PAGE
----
Isotopic advances in understanding reactive nitrogen deposition and atmospheric processing

Emily M. Elliott, Zhongjie Yu, Amanda S. Cole, Justin G. Coughlin

Research output: Contribution to journalArticlepeer-review


Recent advances in stable isotope measurements now allow for detailed investigations of the sources, transformations, and deposition of reactive nitrogen (N) species. Stable isotopes show promise as a complementary tool for apportioning emissions sources that contribute to deposition and also for developing a more robust understanding of the transformations that can influence these isotope ratios. Methodological advances have facilitated the unprecedented examination of the isotopic composition of reactive N species in the atmosphere and in precipitation including nitrogen oxides (NO x = nitric oxide (NO) + nitrogen dioxide (NO 2 )), atmospheric nitrate (NO 3 ), nitric acid (HNO 3 ), ammonia (NH 3 ), and ammonium (NH 4 + ). This isotopic information provides new insight into the mechanisms of transformation and cycling of reactive N in the atmosphere and moreover helps resolve the contribution of multiple NO x and NH 3 emission sources to deposition across landscapes, regions, and continents. Here, we highlight the current state of knowledge regarding the isotopic ratios of NO x and NH 3 emission sources and chemical alterations of isotopic ratios during atmospheric transformations. We also highlight illustrative examples where isotopic approaches are used and review recent methodological advances. While these highlights are not an exhaustive review of the literature, we hope they provide a glimpse of the potential for these methods to help resolve knowledge gaps regarding total N deposition to Earth surfaces. We conclude with promising opportunities for future research in the short-, medium-, and long-term.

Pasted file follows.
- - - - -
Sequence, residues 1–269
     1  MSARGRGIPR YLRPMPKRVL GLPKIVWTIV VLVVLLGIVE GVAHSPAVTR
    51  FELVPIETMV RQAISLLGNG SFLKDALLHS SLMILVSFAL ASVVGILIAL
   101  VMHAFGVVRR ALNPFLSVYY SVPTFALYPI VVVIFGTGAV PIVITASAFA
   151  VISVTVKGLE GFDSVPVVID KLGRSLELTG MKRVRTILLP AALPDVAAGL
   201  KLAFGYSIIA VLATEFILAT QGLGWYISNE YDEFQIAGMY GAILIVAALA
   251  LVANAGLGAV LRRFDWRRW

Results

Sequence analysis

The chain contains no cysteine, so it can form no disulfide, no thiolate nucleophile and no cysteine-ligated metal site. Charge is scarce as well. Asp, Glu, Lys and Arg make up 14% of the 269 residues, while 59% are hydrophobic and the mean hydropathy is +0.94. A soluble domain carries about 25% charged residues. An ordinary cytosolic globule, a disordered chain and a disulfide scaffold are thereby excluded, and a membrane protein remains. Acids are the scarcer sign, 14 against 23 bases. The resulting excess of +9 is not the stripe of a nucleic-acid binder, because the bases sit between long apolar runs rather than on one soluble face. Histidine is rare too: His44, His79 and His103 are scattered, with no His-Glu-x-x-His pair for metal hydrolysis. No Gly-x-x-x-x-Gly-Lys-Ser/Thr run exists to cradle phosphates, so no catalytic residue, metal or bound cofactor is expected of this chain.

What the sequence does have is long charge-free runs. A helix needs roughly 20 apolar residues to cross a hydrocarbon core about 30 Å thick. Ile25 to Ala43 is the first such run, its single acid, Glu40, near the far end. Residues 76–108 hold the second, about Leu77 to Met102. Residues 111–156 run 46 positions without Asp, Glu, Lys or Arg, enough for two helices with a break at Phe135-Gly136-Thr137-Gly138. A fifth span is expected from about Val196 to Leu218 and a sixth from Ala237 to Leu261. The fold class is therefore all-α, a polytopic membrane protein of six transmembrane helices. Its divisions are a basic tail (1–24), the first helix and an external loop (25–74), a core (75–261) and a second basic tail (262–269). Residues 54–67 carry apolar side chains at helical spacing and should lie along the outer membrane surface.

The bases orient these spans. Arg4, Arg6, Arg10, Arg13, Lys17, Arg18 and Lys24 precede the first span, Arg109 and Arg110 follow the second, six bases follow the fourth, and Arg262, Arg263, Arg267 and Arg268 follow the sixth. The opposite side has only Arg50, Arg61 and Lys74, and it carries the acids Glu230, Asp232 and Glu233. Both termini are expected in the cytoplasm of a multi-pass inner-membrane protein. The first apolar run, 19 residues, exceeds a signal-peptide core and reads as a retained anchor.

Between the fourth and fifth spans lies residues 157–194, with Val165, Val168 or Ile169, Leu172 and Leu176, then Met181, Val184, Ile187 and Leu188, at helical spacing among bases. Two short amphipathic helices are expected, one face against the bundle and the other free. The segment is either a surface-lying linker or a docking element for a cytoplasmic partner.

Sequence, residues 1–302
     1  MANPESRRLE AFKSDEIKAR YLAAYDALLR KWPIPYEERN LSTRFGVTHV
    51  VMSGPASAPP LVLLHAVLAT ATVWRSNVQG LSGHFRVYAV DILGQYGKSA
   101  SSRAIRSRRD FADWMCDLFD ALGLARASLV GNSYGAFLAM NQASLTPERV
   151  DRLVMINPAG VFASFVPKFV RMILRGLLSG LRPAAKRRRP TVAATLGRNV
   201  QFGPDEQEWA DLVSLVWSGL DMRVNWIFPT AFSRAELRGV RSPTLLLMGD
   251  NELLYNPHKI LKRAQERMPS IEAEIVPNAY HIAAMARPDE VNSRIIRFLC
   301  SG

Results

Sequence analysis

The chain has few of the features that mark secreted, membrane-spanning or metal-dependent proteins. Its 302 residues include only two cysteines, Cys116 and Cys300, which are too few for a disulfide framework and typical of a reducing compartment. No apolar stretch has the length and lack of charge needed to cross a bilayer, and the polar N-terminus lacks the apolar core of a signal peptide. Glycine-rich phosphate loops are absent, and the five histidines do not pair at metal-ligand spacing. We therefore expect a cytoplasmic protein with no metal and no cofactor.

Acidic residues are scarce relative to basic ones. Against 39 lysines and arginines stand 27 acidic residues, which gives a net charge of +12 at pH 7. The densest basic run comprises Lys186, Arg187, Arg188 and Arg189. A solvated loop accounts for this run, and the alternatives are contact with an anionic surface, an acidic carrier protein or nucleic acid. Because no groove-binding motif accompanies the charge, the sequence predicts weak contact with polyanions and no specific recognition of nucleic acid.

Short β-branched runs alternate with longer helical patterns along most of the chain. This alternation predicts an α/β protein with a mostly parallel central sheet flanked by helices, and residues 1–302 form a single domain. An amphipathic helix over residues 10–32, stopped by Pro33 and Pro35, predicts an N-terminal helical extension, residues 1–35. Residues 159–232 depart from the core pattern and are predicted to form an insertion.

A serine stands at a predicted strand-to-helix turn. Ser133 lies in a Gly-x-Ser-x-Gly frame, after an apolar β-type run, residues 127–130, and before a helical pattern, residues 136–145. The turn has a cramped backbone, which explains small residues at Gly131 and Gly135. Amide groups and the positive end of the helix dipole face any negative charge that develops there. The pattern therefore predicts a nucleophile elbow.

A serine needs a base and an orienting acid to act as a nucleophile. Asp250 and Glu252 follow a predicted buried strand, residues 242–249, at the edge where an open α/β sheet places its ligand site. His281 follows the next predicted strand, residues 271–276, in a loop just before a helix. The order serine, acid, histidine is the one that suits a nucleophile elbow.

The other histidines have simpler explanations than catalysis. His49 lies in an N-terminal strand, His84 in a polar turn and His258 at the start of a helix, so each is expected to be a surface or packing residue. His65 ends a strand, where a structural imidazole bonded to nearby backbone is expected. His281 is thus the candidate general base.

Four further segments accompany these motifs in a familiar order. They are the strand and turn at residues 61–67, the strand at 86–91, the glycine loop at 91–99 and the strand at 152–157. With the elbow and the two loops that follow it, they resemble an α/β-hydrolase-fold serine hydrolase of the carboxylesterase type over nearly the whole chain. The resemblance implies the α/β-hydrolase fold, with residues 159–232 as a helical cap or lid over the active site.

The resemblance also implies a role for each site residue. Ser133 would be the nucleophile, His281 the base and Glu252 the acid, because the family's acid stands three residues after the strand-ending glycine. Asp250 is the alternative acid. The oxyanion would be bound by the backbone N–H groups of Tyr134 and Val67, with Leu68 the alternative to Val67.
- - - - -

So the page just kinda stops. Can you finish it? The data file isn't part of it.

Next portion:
Original languageEnglish (US)
Pages (from-to)393-403
Number of pages11
JournalScience of the Total Environment
StatePublished - Apr 20 2019
Externally publishedYes


  • Ammonia
  • Atmospheric deposition
  • Isotopes
  • Nitrate
  • Nitrogen oxides
  • Reactive nitrogen

ASJC Scopus subject areas

  • Environmental Engineering
  • Environmental Chemistry
  • Waste Management and Disposal
  • Pollution


Dive into the research topics of 'Isotopic advances in understanding reactive nitrogen deposition and atmospheric processing'. Together they form a unique fingerprint.

Cite this